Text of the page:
Women's College Research Institute

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Intriguing discovery gives women at high risk for breast cancer new hope

Fall 2011

Women's College Research Institute's Familial Breast Cancer Research Unit has published a fascinating study in the International Journal of Cancer showing that Polish women with BRCA1 genetic mutations – known to radically increase breast cancer risk – have a 46 per cent lower annual risk of getting breast cancer, compared to North American women.

"We've learned that, for women in Poland with the same mutation, the annual risk of developing breast cancer is just under half of the risk in North America," says Dr. Steven Narod, senior scientist at Women's College Research Institute and professor in the Dalla Lana School of Public Health.

"Such a large difference leads us to suspect that environmental and dietary factors are involved," says Narod.

Dr. Joanne Kotsopoulos, scientist at Women's College Research Institute and assistant professor in the Dalla Lana School of Public Health, is leading the next phase of the study – an analysis of the women's blood nutrient levels.

"We hope to identify some difference in blood nutrient levels of the Polish women that correlates with their lower risk," says Kotsopoulos. "That would help us pinpoint a possible nutritional cause."

Over the course of their lives, women in Ontario with a BRCA1 mutation have a 72 per cent risk of breast cancer.

"Currently, if women have a BRCA1 or BRCA2 mutation, their best options to prevent cancer are prophylactic surgeries like mastectomy and removal of the ovaries," says Kotsopoulos.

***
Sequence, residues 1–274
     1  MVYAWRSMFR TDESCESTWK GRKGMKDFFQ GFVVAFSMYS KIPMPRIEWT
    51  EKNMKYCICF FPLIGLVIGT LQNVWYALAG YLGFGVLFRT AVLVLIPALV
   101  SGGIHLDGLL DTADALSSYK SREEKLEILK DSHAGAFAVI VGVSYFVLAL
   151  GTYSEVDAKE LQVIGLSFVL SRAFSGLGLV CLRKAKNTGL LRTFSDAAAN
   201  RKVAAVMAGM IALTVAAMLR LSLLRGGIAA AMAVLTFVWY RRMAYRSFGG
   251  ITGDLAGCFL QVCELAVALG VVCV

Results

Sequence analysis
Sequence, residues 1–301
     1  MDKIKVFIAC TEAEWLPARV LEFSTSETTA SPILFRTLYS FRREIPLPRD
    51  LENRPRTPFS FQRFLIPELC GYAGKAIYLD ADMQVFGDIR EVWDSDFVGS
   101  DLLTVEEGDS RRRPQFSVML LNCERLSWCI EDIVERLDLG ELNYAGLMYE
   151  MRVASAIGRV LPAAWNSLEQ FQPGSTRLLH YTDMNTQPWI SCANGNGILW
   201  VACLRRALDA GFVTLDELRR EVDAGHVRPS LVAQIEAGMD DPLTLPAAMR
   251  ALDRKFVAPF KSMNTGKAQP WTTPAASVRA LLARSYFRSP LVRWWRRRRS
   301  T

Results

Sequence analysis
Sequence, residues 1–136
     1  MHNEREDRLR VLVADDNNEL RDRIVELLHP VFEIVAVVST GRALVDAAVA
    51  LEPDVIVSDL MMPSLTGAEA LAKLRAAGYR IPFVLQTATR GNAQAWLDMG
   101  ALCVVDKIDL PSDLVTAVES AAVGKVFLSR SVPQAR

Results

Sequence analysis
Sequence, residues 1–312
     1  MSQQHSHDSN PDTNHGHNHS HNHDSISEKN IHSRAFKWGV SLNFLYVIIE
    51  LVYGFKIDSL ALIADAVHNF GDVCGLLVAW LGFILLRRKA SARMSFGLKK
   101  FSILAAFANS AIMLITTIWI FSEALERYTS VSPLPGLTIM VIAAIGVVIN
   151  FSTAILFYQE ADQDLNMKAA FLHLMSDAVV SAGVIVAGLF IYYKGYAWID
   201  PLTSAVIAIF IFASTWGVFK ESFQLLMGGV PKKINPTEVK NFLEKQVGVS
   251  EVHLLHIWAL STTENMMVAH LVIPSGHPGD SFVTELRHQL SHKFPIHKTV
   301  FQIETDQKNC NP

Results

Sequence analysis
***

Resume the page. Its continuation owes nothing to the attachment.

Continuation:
"Not every woman is going to choose surgery," says Kotsopoulos, "particularly women who discover their mutations at a very young age. We want to give women more options to reduce their risk, and less invasive options than surgery."

Read International Journal of Cancer article

Lubinski J, Huzarski T, Byrski T, Lynch HT, Cybulski C, Ghadirian P, Stawicka M, Foulkes WD, Kilar E, Kim-Sing C, Neuhausen SL, Tung N, Armel S, Gilchrist D, Ainsworth P, Sweet K, Gronwald J, Eisen A, Gorski B, Sun P, Narod SA. The Risk of Breast Cancer in Women with a BRCA1 Mutation from North America and Poland. International Journal of Cancer. 2011 Aug 29 (Epub ahead of Print)

 

Why Poland?

Dr. Steven Narod co-discovered the BRCA2 gene that, when mutated, radically increases breast and ovarian cancer risk.

Today, Narod partners with 70 centres worldwide – including Poland's Pomeranian Medical University, a collaboration that has published nearly 100 peer-reviewed articles on hereditary breast and ovarian cancer.

The combined size of the teams' databases provided an opportunity to compare risk in a large sample of women with BRCA1 mutations.The data suggests that diet may lower breast cancer risk.

"Polish people eat a lot of cabbage, which is high in diindolylmethane," says Dr. Joanne Kotsopoulos, Women's College scientist and expert in modifiable risk factors for breast cancer.

"DIM appears to make mutated BRCA1/2 genes work properly to protect against cancer. In a separate study, we're already examining the impact of DIM on BRCA1/2 expression."

 

 

Dr. Narod  



 In October, Dr. Steven Narod was awarded an honourary doctorate by the Pomeranian Medical University, recognizing his long-standing and influential contribution to hereditary breast cancer research, specifically through his collaboration with the university's International Hereditary Cancer Center.

 

 

 

 

 

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